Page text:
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Why does dance end at recital?

Honestly, we don't know.

Traditionally, dance students enroll in classes when school starts, continue through the spring and participate in a spring recital. From September to June, students roll into class, dutifully learn skills and then choreography for the performance that typically marks the "end of the dance season." Once summer rolls around, dancers may leave the dance floor behind for summer vacations, summer sports and relaxation.

Just as children can experience learning loss in academics during summer break, dancers also can encounter a step back in skill development due a long break.

Here at 5 reasons why year-round training is beneficial:


If you don’t use them for a while, you lose them. Just like an academic classroom, the skills you have worked on September-June may not be there if you take a long break. An entire summer without dancing can set a performer back significantly on skills learned during the dance year, making it more difficult to progress and grow as a dancer next year. Even taking drop in classes over the summer, dancers are able to, at the very least, maintain technical skills developed in regular classes.


If you are enrolled at a studio that offers summer classes, there is an opportunity to advance to the next level of classes right after recital. Summer classes allow the dancer to begin working in that level for 3-4 more months than traditional 9 or 10 month class schedules. Continuous training will give you a leg up and may open up new opportunities compared to dancers who take a break all summer.


If you were unable to fit that hip hop or contemporary class into your fall schedule, summer is a great time to try a new genre. You may find your schedule is more flexible in the summer to either enroll or drop into classes that you are less familiar with. Summer also is a great time to take the extra ballet class or strength and flexibility to hone your skills.


Dance classes are a great place to build lifelong friendships. Dancers spend a lot of time together on and off the stage. If you are moving to a new level of classes, summer will allow dancers in new groupings to become acquainted. These friendships can maintain your child's love of dance.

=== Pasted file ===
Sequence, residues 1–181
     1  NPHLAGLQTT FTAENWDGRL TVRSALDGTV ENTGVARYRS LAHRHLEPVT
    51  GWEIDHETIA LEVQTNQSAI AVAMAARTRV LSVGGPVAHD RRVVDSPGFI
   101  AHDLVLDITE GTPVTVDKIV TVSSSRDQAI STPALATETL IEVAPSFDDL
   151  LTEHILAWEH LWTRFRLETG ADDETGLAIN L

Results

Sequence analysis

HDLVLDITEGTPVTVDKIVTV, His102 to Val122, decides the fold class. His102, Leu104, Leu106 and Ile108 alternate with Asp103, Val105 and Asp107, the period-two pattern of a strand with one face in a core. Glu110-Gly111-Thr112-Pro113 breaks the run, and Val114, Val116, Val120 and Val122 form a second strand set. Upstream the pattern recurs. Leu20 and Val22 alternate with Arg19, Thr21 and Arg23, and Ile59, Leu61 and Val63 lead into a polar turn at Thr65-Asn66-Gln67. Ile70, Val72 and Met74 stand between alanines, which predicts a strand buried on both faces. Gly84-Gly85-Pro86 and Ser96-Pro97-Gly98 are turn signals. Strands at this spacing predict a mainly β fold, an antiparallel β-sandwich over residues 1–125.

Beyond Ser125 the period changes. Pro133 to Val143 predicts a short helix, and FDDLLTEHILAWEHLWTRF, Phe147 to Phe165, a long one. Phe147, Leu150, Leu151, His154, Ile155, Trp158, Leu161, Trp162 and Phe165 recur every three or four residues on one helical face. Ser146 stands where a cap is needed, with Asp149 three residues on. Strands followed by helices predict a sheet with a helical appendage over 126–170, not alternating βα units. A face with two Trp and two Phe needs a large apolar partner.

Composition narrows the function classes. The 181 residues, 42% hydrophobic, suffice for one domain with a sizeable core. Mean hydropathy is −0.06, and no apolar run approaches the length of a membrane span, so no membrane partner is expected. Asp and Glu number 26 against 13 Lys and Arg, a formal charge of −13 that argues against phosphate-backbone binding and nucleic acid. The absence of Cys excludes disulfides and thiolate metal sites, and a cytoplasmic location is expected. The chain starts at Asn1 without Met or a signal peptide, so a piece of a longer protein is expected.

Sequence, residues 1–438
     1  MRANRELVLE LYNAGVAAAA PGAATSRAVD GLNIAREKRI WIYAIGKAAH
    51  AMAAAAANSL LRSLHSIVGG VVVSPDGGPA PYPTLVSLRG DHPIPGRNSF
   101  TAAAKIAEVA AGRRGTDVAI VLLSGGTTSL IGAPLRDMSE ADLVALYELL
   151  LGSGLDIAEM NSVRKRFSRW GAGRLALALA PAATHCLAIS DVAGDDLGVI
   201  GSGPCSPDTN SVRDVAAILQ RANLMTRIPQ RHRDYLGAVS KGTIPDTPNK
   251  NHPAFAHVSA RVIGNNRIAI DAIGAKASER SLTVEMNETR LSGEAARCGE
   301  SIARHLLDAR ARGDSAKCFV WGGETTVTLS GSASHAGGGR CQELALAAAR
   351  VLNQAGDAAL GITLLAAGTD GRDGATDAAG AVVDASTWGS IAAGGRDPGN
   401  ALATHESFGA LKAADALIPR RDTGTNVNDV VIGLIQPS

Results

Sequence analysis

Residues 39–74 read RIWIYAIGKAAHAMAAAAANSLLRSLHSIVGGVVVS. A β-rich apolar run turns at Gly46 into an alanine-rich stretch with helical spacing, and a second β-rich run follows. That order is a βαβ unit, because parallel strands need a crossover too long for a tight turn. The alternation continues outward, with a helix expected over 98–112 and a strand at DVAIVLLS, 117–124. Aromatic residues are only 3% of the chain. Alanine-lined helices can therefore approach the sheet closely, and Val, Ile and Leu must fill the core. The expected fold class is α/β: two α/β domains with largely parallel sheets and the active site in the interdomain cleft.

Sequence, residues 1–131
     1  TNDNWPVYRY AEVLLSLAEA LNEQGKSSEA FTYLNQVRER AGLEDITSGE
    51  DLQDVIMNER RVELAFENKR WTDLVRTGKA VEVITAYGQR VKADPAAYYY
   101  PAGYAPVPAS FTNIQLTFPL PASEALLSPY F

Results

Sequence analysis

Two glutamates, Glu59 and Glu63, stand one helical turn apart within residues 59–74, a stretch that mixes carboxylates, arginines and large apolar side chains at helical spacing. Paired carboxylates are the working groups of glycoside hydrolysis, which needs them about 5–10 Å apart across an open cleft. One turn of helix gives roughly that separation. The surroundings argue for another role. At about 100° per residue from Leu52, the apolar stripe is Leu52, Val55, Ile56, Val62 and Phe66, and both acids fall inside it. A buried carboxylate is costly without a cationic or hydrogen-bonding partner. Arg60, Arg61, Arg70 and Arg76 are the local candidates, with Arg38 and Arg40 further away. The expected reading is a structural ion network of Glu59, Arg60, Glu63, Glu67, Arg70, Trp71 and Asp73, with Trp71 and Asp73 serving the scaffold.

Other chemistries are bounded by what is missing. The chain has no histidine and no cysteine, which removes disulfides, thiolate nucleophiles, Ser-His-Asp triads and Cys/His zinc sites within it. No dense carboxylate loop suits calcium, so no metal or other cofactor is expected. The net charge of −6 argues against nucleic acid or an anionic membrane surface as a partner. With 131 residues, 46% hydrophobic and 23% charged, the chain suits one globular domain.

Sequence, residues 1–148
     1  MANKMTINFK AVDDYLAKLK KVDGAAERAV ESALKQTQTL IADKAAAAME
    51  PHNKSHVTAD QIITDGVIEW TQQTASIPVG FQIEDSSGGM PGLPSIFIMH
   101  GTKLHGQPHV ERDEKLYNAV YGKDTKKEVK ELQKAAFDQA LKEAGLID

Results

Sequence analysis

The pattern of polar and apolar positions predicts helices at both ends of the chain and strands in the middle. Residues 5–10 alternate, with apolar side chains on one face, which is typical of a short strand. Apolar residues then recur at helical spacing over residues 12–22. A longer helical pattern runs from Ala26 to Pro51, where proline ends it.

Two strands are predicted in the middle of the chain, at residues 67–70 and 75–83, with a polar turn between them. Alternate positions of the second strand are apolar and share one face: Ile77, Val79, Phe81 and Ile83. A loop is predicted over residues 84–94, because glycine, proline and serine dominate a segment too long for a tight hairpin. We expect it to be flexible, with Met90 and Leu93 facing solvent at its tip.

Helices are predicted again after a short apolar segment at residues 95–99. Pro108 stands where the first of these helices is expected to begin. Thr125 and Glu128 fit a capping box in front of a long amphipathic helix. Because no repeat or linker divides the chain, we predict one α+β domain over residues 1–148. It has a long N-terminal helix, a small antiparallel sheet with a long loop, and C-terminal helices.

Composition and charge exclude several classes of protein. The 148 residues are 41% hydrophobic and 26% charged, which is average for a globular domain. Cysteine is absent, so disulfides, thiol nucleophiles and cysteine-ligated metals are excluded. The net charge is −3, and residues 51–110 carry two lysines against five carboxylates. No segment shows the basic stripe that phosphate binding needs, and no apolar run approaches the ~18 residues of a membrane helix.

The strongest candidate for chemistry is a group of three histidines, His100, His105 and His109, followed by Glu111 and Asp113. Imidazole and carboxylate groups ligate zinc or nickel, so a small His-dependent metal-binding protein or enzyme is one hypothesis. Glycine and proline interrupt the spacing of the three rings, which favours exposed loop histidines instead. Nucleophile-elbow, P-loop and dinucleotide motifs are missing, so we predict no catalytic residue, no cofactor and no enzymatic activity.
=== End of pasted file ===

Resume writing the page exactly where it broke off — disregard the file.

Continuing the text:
Just like any physical activity, staying in shape for that sport is essential. Staying on top of technique and training helps prevent injuries as well as maintains overall physical fitness.

Rather than spending an entire summer on the couch or lounging around, dancers who keep up with classes get regular physical activity and stretching. They are less likely to sustain sprains and strains that may derail their training.

In addition to summer classes, there may be workshop and intensive opportunities in your area. Talk with your teacher or studio owner about what opportunities are best for you. If you are looking for one on one coaching, most studios also offer private lessons to work on specific technique or help dancer's prepare for auditions.

At Upstage Center of Performing Arts, we have loaded the schedule with lots of options for all age groups. Our goal is to move toward continuous training options for our students. With a combination of summer classes and workshops, there is something for all dancers to experience.

What is the benefit of a full schedule all year?

Full class offerings for all styles and ages

Consistent schedule and tuition

No gaps in students progress through long breaks

Opportunity to move into the next level of classes following the recital

Bank missed classes and do make-up classes in the fall

Focus on where you want to improve or try something new

Stay in shape instead of bursts of classes during the summer

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